A&E cancer diagnosis: Your stories

Image caption Almost a third of cancers in the over-70s are only diagnosed when a patient is admitted to A&E

A study suggests almost a third of cancers in the over-70s are diagnosed only when a patient is admitted to hospital as an emergency.

The National Cancer Intelligence Network looked at nearly 750,000 patients' experiences between 2006-08 in England.

Here, BBC News website readers reveal their experiences of discovering such shocking news.

Julie Parkes, York

My father's brain cancer was only detected after numerous visits to A&E where initially he kept being dismissed as suffering from age-related dementia.

He was sent home despite us telling them that he had been able to hold a conversation a few days earlier and was able to drive.

He subsequently took a fall and suffered a head injury and was placed in an A&E holding ward for scans and an MRI to be done, these quickly found the mass and sadly he died three weeks later.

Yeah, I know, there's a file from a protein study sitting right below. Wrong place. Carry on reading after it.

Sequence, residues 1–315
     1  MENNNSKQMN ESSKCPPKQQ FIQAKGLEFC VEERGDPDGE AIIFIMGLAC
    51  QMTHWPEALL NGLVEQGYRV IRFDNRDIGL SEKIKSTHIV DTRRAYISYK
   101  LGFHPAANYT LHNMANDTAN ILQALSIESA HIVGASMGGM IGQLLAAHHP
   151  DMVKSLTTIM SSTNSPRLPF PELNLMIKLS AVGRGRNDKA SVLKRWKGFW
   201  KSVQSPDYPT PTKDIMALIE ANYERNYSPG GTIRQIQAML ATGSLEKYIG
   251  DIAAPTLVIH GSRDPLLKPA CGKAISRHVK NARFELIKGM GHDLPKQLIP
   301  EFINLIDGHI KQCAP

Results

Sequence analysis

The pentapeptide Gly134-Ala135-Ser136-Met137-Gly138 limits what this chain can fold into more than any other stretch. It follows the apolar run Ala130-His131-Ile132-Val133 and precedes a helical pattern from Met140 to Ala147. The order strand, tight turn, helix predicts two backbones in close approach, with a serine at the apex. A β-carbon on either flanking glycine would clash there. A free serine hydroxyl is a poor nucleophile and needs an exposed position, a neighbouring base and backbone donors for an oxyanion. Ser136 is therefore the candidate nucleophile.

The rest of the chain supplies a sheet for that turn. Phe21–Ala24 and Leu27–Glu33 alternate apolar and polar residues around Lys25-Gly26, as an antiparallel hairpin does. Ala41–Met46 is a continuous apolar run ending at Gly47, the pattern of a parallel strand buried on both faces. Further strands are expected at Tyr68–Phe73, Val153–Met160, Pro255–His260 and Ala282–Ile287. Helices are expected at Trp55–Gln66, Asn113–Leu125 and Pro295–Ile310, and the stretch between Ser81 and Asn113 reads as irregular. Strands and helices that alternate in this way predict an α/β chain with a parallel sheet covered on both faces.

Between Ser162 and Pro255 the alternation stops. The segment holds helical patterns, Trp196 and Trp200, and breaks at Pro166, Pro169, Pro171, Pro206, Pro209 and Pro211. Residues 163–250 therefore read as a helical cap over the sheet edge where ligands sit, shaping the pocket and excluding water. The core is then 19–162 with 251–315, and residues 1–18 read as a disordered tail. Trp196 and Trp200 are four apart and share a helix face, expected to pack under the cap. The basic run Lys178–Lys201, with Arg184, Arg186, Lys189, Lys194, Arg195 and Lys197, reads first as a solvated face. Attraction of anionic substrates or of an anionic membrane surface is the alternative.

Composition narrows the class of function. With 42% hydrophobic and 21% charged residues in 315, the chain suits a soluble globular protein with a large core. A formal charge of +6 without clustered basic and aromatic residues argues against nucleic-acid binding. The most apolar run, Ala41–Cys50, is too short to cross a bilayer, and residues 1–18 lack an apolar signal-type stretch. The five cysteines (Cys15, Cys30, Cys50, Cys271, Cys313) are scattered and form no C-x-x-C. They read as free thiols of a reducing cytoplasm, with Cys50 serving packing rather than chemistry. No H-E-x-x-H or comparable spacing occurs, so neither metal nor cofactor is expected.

I think too many elderly people are being dismissed as having age-related dementia without further checks being done.

I have to say that once diagnosed the family couldn't praise the hospital enough for dad's care in his final days.

Peter Bowden, Warrington

This very thing happened to my 75-year-old mother.

We, my sister and I, took my mother to the doctors on a Friday due to our concerns about her mobility and general health; the doctor sent her home with a request to come back the following week for blood tests.

The very next day my mother was admitted to A&E with a pulmonary embolism, probably caused by her poor mobility.

This mobility was almost certainly a result of advanced ovarian cancer, which was very quickly diagnosed once she was admitted to A&E.

Our mother died seven months later; the cancer was so far advanced that surgery was not an option.

Julia, Somerset

My 82-year-old fit and healthy father complained to his doctor on numerous occasions that his stomach hurt. He was losing weight and had also gone off meat.

The doctor told him to drink orange juice and also said it was the remnants of a cold, my father also had a routine blood test.

I finally persuaded him to come and stay with us for a weekend in Somerset. When I saw how little he ate and how much pain he was in I took him to A&E.

He was diagnosed with advanced stomach cancer and died three months later.

I know he was old, but he was active and if the cancer was caught in time we may have had a few more years with him.

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